And there are other bonuses that we didn't realize. The legally-recognized spouse is an all-purpose excuse for things we don't want to do, or buy, or care about. The wedding ring is really the Ring of Warding, heading off unwanted attention in many situations. Oh, and my mom would let us sleep in the same room when we came to visit, finally. People got us stuff, even when we asked them not to. It seemed to make a lot of other people happy.

As for us? We were already pretty happy with each other. Marriage has not altered the relationship in any way we have noticed, good or bad.  If all that was required of a relationship was for two people to stand up in front of a bunch of others and say nice things about each other, we can all agree the world would be far less complicated.

The part of a relationship that's really meaningful to me is the part that wakes up in the morning, looks over at the other side of the bed, and says, sure. It's the part where someone breaks something, or spends too much, or maybe runs the family car into someone else's, and it's not the end of the game. It's the whole richer, poorer, sickness, health, halitosis, inebriation, desperate sorrow and alarming good cheer that make up real life.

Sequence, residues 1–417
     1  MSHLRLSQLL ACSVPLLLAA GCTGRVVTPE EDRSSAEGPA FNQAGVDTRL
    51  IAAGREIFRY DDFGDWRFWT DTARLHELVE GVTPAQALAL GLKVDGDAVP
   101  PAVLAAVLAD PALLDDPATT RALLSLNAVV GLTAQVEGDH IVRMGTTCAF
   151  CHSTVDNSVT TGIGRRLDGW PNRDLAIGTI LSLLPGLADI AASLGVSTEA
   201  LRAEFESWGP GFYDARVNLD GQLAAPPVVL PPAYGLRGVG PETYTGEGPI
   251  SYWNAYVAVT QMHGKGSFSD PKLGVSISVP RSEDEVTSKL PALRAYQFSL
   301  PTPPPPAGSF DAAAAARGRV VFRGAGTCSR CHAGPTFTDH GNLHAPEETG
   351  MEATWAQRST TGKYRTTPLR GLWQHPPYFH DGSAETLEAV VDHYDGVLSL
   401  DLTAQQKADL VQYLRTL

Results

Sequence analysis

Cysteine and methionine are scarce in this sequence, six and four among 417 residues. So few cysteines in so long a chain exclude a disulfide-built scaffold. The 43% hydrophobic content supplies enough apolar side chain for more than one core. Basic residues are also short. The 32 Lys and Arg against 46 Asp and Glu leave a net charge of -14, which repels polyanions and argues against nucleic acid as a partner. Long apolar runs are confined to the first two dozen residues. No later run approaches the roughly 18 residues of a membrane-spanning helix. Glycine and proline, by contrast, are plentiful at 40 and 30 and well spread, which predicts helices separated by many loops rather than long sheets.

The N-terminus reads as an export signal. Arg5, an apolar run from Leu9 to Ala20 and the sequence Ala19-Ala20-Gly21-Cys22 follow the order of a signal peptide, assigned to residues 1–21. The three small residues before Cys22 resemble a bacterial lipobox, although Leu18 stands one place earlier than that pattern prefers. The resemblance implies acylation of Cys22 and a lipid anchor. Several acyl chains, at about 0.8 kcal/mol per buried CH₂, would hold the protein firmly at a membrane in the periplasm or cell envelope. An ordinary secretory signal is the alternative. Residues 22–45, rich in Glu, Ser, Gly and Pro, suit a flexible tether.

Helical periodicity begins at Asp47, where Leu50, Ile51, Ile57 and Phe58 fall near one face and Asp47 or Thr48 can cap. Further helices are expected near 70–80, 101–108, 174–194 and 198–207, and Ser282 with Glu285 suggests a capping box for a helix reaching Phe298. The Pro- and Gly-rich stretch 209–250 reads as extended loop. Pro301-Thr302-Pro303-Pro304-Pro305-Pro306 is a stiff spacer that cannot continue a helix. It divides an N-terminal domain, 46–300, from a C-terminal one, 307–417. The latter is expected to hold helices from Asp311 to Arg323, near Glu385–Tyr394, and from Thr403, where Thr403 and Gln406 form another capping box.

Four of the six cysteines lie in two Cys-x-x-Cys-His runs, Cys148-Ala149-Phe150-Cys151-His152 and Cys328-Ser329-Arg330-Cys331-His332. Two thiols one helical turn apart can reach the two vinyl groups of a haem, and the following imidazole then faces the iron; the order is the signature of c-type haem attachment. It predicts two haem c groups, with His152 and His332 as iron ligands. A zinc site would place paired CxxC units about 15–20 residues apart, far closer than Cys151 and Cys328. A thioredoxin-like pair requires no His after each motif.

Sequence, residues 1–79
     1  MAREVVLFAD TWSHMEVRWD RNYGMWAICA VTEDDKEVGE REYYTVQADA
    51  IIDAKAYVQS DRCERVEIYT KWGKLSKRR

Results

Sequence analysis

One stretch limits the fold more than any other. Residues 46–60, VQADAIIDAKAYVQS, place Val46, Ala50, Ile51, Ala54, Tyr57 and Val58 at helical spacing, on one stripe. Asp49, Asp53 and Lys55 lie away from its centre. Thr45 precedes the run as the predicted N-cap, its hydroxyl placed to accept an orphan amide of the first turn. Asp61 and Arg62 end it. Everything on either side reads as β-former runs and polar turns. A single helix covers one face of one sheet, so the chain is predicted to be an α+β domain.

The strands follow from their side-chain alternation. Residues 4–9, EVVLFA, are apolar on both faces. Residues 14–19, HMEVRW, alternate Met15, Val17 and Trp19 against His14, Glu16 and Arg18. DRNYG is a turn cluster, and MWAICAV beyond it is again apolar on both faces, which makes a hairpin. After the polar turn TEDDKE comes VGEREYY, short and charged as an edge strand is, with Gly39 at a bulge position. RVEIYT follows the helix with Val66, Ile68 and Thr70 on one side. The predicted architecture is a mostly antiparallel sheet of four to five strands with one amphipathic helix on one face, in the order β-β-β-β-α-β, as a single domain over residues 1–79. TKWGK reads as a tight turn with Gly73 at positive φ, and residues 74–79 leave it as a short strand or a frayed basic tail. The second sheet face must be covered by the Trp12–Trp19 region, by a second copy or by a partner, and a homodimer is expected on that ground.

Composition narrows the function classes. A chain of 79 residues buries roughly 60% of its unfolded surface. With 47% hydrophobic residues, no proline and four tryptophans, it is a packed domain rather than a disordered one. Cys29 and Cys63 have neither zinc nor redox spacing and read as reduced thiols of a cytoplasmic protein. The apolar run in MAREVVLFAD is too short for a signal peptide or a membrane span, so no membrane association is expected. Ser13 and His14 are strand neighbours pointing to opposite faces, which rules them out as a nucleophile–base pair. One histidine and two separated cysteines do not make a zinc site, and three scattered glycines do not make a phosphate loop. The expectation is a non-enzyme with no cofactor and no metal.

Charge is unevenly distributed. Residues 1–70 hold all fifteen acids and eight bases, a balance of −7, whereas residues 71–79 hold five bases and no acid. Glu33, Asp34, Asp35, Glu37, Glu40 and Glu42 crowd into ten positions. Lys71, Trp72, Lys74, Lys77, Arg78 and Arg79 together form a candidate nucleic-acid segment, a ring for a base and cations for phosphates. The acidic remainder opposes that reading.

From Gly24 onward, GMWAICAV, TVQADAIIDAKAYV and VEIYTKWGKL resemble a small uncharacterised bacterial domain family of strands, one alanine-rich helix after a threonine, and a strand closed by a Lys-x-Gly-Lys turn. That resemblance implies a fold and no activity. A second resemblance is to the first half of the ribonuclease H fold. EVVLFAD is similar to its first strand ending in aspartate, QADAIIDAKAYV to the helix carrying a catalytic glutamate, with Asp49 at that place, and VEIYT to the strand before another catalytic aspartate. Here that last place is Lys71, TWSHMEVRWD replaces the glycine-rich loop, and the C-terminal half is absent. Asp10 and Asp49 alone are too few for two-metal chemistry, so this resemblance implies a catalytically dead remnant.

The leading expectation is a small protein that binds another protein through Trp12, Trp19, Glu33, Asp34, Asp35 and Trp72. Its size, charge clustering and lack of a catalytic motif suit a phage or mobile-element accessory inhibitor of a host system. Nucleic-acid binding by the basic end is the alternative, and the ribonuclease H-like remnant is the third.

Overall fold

I have no idea how that fits in with this Dreadful Proposition we've got here in California. I really don't. Supporters claim they are "protecting the sanctity of marriage," which is really ridiculous considering that my godless husband and my godless self got married in a demon-friendly ceremony in order to get him the bennies and nobody told us "no." For that matter, there are untold numbers of couples who get married who really shouldn't. But it's not my right to say who can and can't, who should and shouldn't. (Not to their face, anyway.) Nor should it be anyone else's. It's a free country, last I heard.

What it comes down to is acceptance under the law, and acceptance that things change. Marriage as it is practiced today is a legal contract and a social contract, undertaken not solely by the participants to each other, but by the participants with the rest of society. (It is also, for those who believe in sanctity, a sacred union. Being myself slightly less spiritual than your average housecat, I do not cover material I am not competent in.) Legally, marriage is what puts me on his taxes and him on my health insurance. Socially, it gives my husband the ability to tell the mechanic "I'll have to check with my wife first,"  and what gives me the ability to avoid visiting my family because I will be "visiting his." It's a relationship that others have to acknowledge, and must work around or with. It is not negotiable.